Corruption-induced CEO compensation: Evidence from a natural experiment in China
54 Pages Posted: 5 May 2021
Date Written: May 1, 2021
While China has witnessed a combination of rapid economic growth and severe corruption, few studies have examined the effects of corruption on executive incentives at the firm level. This study identifies the causal relationship between corruption and CEO compensation. We exploit a quasi-natural experiment (i.e., the investigations of the Central Commission for Discipline Inspection) to document that CEO compensation substantially increases by approximately 5% after the exogenous anti-corruption campaign. Mechanism analysis shows that the reduction of corruption resulting from China’s anti-corruption increases CEO pay through improving firm productivity, enhancing firm innovation, and increasing CEO turnover. We also find the anti-corruption campaign promotes the sensitivity of CEO compensation to corporate performance and improves incentive efficiency in non-state-owned enterprises. Firms with high exposure to the corrupt environment and in high-tech industries, the positive effect is strengthened. Newly hired CEOs, as well as CEOs with professional research skills, overseas experience, and greater ability, benefit more from China’s anti-corruption campaign. Our results are robust to alternative specifications.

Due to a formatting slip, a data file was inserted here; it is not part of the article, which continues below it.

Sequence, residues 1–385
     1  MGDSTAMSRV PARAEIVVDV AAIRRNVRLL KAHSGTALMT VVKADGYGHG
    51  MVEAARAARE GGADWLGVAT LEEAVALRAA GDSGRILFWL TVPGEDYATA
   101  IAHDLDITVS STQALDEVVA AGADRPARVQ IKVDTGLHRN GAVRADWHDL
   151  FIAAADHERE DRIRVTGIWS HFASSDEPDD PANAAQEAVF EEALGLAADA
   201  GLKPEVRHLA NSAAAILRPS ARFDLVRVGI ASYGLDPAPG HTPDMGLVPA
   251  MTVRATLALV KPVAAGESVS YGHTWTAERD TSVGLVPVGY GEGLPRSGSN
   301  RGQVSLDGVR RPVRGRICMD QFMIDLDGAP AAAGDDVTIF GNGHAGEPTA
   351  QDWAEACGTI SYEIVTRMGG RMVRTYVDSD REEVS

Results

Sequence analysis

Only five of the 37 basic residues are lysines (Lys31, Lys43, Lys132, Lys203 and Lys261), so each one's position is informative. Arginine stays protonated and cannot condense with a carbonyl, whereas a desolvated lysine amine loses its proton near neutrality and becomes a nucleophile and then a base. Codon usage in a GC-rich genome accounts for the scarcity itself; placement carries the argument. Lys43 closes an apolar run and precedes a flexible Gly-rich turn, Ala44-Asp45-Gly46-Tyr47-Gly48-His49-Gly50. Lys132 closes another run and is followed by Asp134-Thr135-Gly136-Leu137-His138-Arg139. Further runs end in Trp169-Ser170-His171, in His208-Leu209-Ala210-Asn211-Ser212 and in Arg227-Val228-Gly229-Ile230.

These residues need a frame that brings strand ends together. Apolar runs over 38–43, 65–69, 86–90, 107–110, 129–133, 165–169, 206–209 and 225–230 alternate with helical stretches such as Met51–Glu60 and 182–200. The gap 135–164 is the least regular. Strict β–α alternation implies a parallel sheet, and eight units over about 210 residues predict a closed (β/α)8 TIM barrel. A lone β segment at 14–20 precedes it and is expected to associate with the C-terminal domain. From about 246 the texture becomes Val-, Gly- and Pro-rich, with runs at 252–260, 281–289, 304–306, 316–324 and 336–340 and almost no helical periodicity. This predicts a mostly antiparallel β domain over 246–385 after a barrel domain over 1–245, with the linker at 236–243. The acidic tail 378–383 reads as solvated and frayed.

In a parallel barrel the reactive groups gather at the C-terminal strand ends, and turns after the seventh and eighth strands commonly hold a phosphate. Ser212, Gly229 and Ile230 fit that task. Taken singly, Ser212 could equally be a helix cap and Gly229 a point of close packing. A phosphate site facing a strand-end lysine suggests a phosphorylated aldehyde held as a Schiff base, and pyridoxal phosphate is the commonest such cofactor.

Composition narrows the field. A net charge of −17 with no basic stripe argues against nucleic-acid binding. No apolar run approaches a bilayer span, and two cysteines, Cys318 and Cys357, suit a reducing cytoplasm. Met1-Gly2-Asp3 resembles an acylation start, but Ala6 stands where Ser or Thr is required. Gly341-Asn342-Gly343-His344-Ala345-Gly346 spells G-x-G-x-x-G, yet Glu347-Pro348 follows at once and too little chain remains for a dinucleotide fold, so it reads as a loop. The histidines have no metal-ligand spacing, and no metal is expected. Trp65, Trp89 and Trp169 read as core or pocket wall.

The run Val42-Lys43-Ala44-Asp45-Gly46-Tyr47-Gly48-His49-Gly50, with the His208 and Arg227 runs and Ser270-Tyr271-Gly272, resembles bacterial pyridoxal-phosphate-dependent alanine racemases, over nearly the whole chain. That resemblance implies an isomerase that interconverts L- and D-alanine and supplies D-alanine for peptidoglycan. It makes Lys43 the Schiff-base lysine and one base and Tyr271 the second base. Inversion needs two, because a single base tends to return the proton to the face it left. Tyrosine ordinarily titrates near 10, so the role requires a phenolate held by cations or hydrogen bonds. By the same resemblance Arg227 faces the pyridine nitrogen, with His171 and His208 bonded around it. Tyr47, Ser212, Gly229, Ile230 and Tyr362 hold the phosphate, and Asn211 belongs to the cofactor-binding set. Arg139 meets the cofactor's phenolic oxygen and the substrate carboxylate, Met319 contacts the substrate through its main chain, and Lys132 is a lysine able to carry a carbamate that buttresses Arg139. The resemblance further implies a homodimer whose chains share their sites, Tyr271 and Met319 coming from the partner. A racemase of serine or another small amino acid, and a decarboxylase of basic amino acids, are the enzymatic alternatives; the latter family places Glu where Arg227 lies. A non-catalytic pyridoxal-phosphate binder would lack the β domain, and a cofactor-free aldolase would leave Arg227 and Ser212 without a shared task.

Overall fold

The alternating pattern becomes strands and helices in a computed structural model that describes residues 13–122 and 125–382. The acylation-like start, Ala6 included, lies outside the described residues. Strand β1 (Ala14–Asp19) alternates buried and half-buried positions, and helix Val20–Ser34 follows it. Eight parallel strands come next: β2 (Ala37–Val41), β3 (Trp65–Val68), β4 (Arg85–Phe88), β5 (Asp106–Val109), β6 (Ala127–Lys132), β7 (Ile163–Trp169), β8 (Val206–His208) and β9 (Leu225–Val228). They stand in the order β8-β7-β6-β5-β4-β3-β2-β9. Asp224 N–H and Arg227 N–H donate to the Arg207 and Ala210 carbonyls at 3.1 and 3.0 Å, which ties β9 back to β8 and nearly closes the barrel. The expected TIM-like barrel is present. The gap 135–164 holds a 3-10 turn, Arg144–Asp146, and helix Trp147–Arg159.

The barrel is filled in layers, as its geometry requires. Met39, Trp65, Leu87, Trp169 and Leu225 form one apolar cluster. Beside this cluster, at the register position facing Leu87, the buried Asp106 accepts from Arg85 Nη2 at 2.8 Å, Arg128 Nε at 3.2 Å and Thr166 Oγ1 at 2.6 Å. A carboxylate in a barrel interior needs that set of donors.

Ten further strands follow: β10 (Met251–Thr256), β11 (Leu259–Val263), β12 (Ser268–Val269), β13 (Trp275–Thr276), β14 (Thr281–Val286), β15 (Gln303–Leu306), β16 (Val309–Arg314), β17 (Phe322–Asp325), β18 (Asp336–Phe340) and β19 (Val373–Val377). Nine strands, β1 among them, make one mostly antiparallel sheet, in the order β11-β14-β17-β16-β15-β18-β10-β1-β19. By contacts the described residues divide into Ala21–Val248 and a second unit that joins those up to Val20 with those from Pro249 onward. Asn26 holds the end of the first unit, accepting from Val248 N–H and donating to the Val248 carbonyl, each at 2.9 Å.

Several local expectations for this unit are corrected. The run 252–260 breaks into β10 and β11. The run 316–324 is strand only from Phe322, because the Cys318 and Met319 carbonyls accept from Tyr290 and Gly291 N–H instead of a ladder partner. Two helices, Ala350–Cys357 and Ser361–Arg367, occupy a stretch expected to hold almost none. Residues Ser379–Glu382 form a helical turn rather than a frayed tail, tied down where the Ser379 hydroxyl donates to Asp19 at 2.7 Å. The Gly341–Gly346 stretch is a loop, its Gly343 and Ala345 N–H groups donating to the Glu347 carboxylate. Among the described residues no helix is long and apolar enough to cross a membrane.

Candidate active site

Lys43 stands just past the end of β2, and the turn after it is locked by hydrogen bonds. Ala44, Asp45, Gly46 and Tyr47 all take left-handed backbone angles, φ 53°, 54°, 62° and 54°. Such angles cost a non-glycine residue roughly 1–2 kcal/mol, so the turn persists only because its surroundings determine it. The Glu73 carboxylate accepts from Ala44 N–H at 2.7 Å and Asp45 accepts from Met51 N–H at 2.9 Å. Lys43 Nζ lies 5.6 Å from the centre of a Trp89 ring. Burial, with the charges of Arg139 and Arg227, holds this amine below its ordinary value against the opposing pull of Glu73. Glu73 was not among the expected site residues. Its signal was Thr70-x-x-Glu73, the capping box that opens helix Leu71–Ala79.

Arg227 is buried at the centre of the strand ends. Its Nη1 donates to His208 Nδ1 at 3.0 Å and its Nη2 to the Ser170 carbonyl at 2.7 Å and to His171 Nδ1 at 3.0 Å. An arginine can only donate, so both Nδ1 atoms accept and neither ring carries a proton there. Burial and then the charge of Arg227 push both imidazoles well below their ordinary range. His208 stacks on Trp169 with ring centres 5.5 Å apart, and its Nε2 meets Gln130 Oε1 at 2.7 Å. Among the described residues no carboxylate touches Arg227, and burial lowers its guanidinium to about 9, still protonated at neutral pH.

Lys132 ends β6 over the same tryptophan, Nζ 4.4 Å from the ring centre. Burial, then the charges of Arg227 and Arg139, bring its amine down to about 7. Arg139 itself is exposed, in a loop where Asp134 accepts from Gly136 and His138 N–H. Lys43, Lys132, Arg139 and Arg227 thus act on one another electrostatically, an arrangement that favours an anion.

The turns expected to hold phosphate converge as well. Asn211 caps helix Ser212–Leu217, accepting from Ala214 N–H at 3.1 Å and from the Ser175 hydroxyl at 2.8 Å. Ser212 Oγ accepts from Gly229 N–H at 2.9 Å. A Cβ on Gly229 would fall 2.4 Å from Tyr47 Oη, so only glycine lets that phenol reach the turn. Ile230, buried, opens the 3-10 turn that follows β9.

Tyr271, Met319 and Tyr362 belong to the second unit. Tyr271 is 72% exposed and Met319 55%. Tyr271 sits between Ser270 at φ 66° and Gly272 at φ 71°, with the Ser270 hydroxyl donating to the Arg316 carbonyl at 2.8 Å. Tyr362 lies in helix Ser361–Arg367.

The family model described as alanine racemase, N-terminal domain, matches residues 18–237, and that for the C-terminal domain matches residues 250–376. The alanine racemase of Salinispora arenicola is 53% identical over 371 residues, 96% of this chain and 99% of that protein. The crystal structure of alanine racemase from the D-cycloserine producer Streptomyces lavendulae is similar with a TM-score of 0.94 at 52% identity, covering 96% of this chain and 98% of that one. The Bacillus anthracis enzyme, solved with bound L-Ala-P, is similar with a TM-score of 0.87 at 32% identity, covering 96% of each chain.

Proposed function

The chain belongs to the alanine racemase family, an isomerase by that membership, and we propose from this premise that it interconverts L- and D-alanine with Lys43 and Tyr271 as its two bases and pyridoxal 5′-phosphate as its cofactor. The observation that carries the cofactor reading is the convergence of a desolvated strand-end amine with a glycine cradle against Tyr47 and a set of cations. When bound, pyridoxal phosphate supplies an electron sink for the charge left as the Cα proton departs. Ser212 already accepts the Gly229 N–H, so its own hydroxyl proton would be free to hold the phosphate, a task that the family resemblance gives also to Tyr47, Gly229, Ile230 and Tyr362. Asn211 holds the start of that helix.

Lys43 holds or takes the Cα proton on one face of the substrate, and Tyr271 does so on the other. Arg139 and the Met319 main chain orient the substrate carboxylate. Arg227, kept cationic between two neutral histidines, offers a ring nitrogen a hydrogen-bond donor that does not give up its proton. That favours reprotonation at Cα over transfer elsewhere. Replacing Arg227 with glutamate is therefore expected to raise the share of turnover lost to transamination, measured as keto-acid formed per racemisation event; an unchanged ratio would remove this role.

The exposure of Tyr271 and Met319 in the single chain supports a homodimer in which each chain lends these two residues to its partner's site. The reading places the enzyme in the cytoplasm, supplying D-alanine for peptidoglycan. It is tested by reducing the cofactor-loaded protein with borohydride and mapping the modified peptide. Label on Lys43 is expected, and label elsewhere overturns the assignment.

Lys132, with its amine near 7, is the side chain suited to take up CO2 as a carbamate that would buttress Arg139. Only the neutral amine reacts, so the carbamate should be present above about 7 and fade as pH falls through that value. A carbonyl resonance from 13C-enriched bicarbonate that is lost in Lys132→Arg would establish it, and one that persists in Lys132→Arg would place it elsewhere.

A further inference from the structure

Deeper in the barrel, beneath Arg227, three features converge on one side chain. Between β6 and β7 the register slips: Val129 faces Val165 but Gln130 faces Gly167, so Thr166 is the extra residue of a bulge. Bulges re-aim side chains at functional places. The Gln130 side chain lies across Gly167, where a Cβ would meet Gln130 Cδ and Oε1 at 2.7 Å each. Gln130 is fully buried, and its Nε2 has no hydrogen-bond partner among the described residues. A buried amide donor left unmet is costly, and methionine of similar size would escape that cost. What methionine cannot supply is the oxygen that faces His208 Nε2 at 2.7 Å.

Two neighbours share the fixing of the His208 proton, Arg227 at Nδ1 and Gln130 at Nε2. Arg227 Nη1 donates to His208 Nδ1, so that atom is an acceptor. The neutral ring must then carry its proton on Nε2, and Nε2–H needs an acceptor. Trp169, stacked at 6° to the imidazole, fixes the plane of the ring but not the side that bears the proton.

Keywords: corruption, CEO compensation, incentive efficiency, natural experiment, China
JEL Classification: G30
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